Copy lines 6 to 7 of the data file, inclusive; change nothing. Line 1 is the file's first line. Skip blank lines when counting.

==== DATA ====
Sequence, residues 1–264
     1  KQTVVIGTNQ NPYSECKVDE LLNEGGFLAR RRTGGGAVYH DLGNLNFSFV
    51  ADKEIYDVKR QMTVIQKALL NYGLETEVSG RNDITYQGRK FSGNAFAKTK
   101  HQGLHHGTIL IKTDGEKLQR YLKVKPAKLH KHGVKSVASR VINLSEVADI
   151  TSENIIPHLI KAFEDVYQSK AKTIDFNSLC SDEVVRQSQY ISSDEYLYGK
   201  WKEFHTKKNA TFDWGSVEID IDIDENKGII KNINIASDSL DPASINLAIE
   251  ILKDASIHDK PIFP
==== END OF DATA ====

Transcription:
   201  WKEFHTKKNA TFDWGSVEID IDIDENKGII KNINIASDSL DPASINLAIE
   251  ILKDASIHDK PIFP